Posted by: Harold Knight | 03/20/2011

Me ‘n Angela Foligno, falling into thin places (to be read skeptically)

A few days ago I was talking with an old friend (well, he’s not old—not quite as old as I am). We met when we were both wee tykes—one of those friendships that hibernates for years and resurfaces at some later time. I was telling him (he’s a clergy person now—no, not one of those, but of the out gay variety) about my coming to the point of virtually no belief in anything religious. I mentioned my fairly regular attendance at the big Episcopal church to hear the music. I said, in spite of my lack of belief, virtually every time I attend services there, I experience a “thin place,” that is, “a place where mortals like ourselves are most likely to travel to the other world” (1). These are places, for example, in Irish mythology where the Leprechauns slip through to bother humans.

My use of the term “thin place” comes from Marcus Borg, who says

A thin place is anywhere our hearts are opened. They are places where the boundary between the two levels becomes very soft, porous, permeable. Thin places are places where the veil momentarily lifts and we behold (the “ahaah of The Divine”) . . . all around us and in us (2).

In my conversation with my friend, I attributed the idea to the wrong theologian because I drift through life unable to pin almost anything down, especially ideas or experiences that are not physical in some way. I’ve never met Marcus Borg (I do have his book, so you’d think that would enable me to pin it down). I blame TLEpilepsy. An altered state of reality. Or simple inattentiveness.

Once again, I’m writing about, I suppose, some kind of “religious” experience even though I declare absolutely that this is not a blog about religion. So I’ll rush right in where I don’t intend to tread.

This vision transcends the illusion of separateness to discern the unity, the unbroken wholeness that underlies the diverse forms of the universe. Our perception of connectedness, of our integral place in the web of life, emerges as an attribute of our connection with the eternal, beatific source of all existence (3).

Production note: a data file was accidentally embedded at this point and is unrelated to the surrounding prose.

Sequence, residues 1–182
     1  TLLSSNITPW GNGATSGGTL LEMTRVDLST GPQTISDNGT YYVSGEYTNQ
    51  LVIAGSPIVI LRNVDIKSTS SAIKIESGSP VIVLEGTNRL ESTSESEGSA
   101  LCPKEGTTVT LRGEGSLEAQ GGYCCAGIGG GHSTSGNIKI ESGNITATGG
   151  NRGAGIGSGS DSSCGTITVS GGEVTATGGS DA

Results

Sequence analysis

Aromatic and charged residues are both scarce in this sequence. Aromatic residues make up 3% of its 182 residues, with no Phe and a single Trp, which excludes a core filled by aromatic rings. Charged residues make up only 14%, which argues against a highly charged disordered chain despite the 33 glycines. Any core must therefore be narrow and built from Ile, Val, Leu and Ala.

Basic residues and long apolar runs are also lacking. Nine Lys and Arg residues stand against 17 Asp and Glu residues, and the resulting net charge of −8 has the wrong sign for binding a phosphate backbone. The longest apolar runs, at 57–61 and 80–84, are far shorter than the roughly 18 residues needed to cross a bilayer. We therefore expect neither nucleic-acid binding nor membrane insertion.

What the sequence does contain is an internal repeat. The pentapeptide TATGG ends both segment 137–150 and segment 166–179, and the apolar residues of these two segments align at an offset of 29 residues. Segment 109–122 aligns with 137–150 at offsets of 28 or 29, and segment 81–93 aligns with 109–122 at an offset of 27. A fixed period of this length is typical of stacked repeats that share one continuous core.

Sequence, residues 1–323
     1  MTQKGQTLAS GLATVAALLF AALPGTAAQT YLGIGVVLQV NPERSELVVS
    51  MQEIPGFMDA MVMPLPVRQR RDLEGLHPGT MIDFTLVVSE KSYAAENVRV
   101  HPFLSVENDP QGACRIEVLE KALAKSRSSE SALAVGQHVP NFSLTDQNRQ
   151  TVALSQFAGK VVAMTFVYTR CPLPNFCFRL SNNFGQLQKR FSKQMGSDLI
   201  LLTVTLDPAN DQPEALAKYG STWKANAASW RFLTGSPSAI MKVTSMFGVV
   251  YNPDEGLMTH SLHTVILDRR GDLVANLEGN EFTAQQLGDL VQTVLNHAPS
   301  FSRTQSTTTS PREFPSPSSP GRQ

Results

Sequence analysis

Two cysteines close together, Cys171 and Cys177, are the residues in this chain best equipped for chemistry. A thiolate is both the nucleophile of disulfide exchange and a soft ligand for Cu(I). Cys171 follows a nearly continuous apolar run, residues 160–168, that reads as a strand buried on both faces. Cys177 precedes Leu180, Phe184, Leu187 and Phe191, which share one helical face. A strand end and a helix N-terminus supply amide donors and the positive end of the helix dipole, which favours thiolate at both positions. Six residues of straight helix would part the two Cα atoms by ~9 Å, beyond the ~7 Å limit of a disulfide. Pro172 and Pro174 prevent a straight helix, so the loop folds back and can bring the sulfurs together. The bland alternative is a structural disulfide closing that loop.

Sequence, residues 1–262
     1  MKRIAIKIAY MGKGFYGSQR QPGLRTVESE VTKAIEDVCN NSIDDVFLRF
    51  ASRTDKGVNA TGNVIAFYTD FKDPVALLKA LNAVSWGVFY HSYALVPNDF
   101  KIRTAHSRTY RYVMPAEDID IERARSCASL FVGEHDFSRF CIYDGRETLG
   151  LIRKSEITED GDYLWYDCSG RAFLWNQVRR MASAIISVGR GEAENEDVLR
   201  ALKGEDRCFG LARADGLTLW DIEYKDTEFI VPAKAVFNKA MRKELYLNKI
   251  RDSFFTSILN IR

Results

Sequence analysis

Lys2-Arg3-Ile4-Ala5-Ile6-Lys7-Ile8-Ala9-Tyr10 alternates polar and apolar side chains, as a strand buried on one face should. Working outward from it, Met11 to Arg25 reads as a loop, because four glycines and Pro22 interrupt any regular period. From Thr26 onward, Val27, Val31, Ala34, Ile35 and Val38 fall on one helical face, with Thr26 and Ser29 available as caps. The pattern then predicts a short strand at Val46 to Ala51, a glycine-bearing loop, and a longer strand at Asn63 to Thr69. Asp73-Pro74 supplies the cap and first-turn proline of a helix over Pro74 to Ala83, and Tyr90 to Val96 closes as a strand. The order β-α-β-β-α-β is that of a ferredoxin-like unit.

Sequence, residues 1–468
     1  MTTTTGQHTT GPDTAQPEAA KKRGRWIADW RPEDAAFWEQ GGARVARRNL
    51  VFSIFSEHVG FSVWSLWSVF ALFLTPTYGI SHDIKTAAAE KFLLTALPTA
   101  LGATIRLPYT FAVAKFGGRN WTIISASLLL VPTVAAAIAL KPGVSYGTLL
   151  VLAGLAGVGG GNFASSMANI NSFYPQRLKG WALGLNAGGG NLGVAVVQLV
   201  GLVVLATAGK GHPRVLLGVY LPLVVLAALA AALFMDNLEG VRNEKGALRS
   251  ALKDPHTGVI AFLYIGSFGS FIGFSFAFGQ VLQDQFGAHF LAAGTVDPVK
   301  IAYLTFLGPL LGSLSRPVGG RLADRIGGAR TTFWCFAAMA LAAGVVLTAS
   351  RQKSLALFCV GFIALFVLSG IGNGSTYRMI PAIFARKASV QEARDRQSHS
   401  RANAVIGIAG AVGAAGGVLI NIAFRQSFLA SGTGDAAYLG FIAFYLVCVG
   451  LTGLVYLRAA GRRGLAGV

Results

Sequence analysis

Maxwell, a physicist, is writing about “an emergent ecological vision” that is “consistent with modern science and rooted in the perennial wisdom of the world’s spiritual traditions.” I’m not sure I understand his article. However, when I attend services at St. Michael and All Angels, I get so close to a “thin place” where—please don’t accuse me of mysticism or heightened religious experience brought on by TLEpilepsy—my “perception of connectedness, of our integral place in the web of life, emerges as an attribute of our connection with the eternal, beatific source of all existence.” Notice, I did not say “my” integral place or “my” connection with the eternal. I quoted Maxwell directly: “our” place and “our” connection. I did say it’s “my” perception.

Whether it’s our place or mine, it is my perception, and it’s a pain in the neck. I may perceive I’m connected to the “diverse forms of the universe,” but I cannot figure out why on earth that perception comes alive singing a Psalm in the middle of a service about Jesus, almost none of which I believe (even metaphorically or in some other way designed to make belief possible). I don’t get it. My old friend the gay clergy person, when I said I almost always fall into one of those bothersome “thin places” during the service, said something to the effect that I have a very high percentage of those experiences during church services. His implication was that most people don’t very often fall into one of those “thin places” at those times.